Such a glorious day today in #kyoto 😁 Hope you all had a lovely Tanabata 🎋
My neighbourhood has a lot of Buddhist craftspeople. They make altar fittings, carve statues, etc. One warehouse is used for cleaning parts of temples. I pass by every day and there is some new chunk of a temple that has been hauled over to be cleaned and repaired, before it is sent back to be re-installed!
Sun setting on Nijo castle
Look what arrived today! 📚
Kyoto: An Urban History of Japan’s Premodern Capital by @matthew_stavros
Been on my list for a while, so as soon as I found out we were relocating back to Kyoto I ordered it so I can read and visit some of the locations IRL. 🙌
Kyoto alley cat
The 手水舎 at Bukkō-ji is still running dry due to Covid precautions
(Photo by my 10yo)
Arrived in Kyoto on a very wet day
Periodically I have openly shared my costs of carsharing with our local OGO Car Share Co-op. This will be the last time, since OGO has joined regional carshare co-op powerhouse Modo. Although I love my OGO, I am really happy that this is happening. Congrats to the whole OGO team here in Okanagan, and I am enjoying the same great service under the Modo brand now. Though, I am a little sad that my driver id number goes from “9” to “19-thousand-something-or-other.”
Carshare has been excellent for our car-less family, and as you can see from the data above, extremely economical. We have been trending up as my kids get older and ferrying them to activities has increased,† but we are still about a third of the average annual cost of ownership for a vehicle in Canada. You should consider it as an option, especially if you don’t quite need that second car.
† With regards to the kids activities: it boggles my mind that many of our local community centers do not have door-step public transit service. Every community center should have a bus loop with covered bus stops, no?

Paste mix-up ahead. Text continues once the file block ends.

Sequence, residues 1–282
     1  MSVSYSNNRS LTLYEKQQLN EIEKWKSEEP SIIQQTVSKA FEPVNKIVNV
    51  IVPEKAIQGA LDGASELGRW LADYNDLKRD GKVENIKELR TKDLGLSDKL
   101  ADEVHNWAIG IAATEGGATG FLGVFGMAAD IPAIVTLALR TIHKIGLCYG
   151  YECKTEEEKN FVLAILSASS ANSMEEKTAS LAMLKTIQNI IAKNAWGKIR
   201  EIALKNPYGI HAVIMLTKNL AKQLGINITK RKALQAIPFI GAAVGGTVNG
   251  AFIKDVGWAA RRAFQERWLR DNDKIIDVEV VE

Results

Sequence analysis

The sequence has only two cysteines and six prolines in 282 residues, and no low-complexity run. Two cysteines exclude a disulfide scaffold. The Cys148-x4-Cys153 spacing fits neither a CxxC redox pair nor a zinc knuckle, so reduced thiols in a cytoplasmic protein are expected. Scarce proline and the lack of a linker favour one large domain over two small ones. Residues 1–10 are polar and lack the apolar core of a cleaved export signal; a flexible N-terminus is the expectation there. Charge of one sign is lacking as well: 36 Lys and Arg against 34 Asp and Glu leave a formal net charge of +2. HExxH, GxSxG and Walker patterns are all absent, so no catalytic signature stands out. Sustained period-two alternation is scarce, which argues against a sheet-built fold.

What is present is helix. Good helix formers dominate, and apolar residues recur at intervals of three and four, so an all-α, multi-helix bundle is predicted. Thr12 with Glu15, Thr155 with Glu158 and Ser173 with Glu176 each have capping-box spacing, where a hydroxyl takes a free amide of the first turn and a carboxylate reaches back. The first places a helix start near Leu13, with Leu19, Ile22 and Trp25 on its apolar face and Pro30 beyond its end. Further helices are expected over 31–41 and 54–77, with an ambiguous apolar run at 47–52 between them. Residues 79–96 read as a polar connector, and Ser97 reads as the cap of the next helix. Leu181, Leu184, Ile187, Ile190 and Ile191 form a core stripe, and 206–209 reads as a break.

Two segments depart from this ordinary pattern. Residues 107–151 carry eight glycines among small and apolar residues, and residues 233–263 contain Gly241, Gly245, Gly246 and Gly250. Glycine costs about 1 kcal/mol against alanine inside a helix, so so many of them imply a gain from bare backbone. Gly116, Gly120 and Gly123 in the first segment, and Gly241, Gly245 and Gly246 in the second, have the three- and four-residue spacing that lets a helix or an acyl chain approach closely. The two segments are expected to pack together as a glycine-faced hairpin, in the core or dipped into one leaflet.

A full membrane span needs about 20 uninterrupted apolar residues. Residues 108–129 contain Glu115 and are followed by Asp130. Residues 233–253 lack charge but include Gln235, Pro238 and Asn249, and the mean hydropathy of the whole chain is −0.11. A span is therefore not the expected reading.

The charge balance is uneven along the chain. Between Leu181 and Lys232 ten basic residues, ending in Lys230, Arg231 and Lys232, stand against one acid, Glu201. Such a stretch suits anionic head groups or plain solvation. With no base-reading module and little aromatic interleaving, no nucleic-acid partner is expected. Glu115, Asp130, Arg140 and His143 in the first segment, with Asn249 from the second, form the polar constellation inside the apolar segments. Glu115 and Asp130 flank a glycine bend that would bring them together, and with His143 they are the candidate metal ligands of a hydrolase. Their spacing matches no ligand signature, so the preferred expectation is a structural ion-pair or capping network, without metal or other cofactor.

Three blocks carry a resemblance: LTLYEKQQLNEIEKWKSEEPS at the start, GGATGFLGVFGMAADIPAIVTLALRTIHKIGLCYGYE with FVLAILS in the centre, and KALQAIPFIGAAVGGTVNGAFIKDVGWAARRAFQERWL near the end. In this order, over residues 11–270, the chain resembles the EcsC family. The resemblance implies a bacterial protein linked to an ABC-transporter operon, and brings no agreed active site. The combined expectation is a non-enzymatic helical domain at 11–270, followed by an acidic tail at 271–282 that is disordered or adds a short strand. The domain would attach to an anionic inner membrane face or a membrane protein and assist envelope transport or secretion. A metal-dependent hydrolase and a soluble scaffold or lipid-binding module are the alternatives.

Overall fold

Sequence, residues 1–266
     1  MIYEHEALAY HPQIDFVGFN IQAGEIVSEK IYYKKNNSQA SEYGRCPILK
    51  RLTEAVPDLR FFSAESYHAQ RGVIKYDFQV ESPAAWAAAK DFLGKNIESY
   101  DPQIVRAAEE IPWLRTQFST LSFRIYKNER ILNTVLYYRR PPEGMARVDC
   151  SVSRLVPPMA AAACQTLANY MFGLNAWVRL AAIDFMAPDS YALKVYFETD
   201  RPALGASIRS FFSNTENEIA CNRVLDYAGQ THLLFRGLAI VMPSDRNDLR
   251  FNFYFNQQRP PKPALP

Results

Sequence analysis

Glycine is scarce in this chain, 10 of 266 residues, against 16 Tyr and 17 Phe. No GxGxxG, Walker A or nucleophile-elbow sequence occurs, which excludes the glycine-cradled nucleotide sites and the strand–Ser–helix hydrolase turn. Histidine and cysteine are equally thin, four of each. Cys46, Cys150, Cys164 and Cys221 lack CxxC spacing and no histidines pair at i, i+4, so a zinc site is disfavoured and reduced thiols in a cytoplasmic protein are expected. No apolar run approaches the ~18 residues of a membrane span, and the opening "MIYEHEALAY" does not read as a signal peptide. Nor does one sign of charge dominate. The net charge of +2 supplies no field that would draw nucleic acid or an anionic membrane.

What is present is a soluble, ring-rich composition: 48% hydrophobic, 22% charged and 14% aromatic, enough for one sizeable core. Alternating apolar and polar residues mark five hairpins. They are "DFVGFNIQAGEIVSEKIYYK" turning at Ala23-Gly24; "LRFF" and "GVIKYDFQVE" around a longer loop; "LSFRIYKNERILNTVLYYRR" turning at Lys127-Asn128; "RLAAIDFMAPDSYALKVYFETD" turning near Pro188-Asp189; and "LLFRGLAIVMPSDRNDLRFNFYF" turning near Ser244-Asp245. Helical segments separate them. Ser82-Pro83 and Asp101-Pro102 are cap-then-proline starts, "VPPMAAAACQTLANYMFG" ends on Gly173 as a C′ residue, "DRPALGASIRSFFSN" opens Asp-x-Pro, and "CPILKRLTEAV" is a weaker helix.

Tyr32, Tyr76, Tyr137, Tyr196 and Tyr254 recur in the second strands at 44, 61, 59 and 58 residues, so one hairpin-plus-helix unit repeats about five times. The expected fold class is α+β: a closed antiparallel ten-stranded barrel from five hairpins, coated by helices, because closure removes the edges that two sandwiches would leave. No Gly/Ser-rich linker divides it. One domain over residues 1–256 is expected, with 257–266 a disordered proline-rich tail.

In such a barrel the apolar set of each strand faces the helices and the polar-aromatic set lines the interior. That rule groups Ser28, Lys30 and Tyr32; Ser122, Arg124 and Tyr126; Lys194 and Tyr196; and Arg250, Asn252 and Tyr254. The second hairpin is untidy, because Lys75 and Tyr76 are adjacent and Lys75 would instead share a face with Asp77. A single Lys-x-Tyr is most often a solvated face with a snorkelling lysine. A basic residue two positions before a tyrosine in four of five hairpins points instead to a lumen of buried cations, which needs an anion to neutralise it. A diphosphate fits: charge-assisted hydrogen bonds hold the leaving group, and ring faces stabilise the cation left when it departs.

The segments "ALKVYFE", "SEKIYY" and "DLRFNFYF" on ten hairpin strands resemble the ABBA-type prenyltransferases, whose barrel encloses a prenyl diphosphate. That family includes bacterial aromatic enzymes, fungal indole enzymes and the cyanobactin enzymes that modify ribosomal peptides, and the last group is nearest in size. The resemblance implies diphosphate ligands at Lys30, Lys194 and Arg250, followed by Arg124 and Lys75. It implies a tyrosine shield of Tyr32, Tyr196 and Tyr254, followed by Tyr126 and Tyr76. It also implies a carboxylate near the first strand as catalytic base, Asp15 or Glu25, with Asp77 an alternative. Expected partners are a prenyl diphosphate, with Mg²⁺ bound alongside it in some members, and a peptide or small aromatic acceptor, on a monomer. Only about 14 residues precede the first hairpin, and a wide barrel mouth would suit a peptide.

It is end of year data time! Here is our 2016 data for OGO Carshare. The average we spend on our vehicle is about $3000 per year, well below the average Canadian who spends $10,456. Keep in mind that this year also included a round-trip to Vancouver (to take my family to the airport) and our trip to the Sunshine Coast when we used a partner carshare to explore the communities there.
Before going to Japan in March, I sold my Canon 60D and all my lenses. My intention was to buy a Sony RX100iii or a Canon G7X. I agonized over the differences. I like the Sony’s eye piece and fully flexible screen, but I don’t like their video formats. Also, that screen looks pretty delicate. The Canon’s touch screen was appealing, as was its video pull-focus feature. While at Yodobashi Camera at Umeda in Osaka, I did a side-by-side. In the end, I was able to negotiate the Canon down to just under $400, including a free neckstrap, screen protector and SD card. That is less than half the Sony!
After using it for a couple of weeks, I couldn’t be happier. It is an excellent little machine, super small and with 3 function rings I feel like I have as much control as my 60D. I am glad I bought it and I would recommend it if you are looking for a powerful yet pocketable camera. You can see a selection of G7X pics from my recent Japan trip here.
I plan on using the leftover money from my 60D towards a new laptop.